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PeerJ. 2015 Sep 1;3:e1213. doi: 10.7717/peerj.1213. eCollection 2015.

Perilipin-related protein regulates lipid metabolism in C. elegans.

Author information

1
Institute of Cellular Biology and Pathology, First Faculty of Medicine, Charles University in Prague , Albertov, Prague , Czech Republic.
2
Institute of Cellular Biology and Pathology, First Faculty of Medicine, Charles University in Prague , Albertov, Prague , Czech Republic ; Department of Pathology, Third Faculty of Medicine, Charles University in Prague , Ruská, Prague , Czech Republic.
3
Laboratory of Molecular Biology, National Institute of Diabetes and Digestive and Kidney Diseases, National Institutes of Health , Bethesda, MD , USA.
4
University of Cambridge Metabolic Research Laboratories, Wellcome Trust-Medical Research Council, Institute of Metabolic Science , Cambridge , UK.

Abstract

Perilipins are lipid droplet surface proteins that contribute to fat metabolism by controlling the access of lipids to lipolytic enzymes. Perilipins have been identified in organisms as diverse as metazoa, fungi, and amoebas but strikingly not in nematodes. Here we identify the protein encoded by the W01A8.1 gene in Caenorhabditis elegans as the closest homologue and likely orthologue of metazoan perilipin. We demonstrate that nematode W01A8.1 is a cytoplasmic protein residing on lipid droplets similarly as human perilipins 1 and 2. Downregulation or elimination of W01A8.1 affects the appearance of lipid droplets resulting in the formation of large lipid droplets localized around the dividing nucleus during the early zygotic divisions. Visualization of lipid containing structures by CARS microscopy in vivo showed that lipid-containing structures become gradually enlarged during oogenesis and relocate during the first zygotic division around the dividing nucleus. In mutant embryos, the lipid containing structures show defective intracellular distribution in subsequent embryonic divisions and become gradually smaller during further development. In contrast to embryos, lipid-containing structures in enterocytes and in epidermal cells of adult animals are smaller in mutants than in wild type animals. Our results demonstrate the existence of a perilipin-related regulation of fat metabolism in nematodes and provide new possibilities for functional studies of lipid metabolism.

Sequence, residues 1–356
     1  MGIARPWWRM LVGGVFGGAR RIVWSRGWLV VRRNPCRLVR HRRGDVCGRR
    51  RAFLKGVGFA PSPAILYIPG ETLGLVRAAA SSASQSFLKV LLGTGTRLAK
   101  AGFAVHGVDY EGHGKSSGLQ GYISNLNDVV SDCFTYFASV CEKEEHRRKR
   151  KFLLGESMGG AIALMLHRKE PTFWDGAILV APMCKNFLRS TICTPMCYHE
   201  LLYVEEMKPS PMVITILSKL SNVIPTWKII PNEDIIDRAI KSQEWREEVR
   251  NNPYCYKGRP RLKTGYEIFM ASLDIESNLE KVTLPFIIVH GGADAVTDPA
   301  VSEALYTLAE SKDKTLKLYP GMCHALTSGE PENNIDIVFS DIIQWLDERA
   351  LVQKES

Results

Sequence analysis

KEYWORDS:

Caenorhabditis elegans; Fat metabolism; Lipid droplets; Perilipin; Perilipin-related protein in C. elegans

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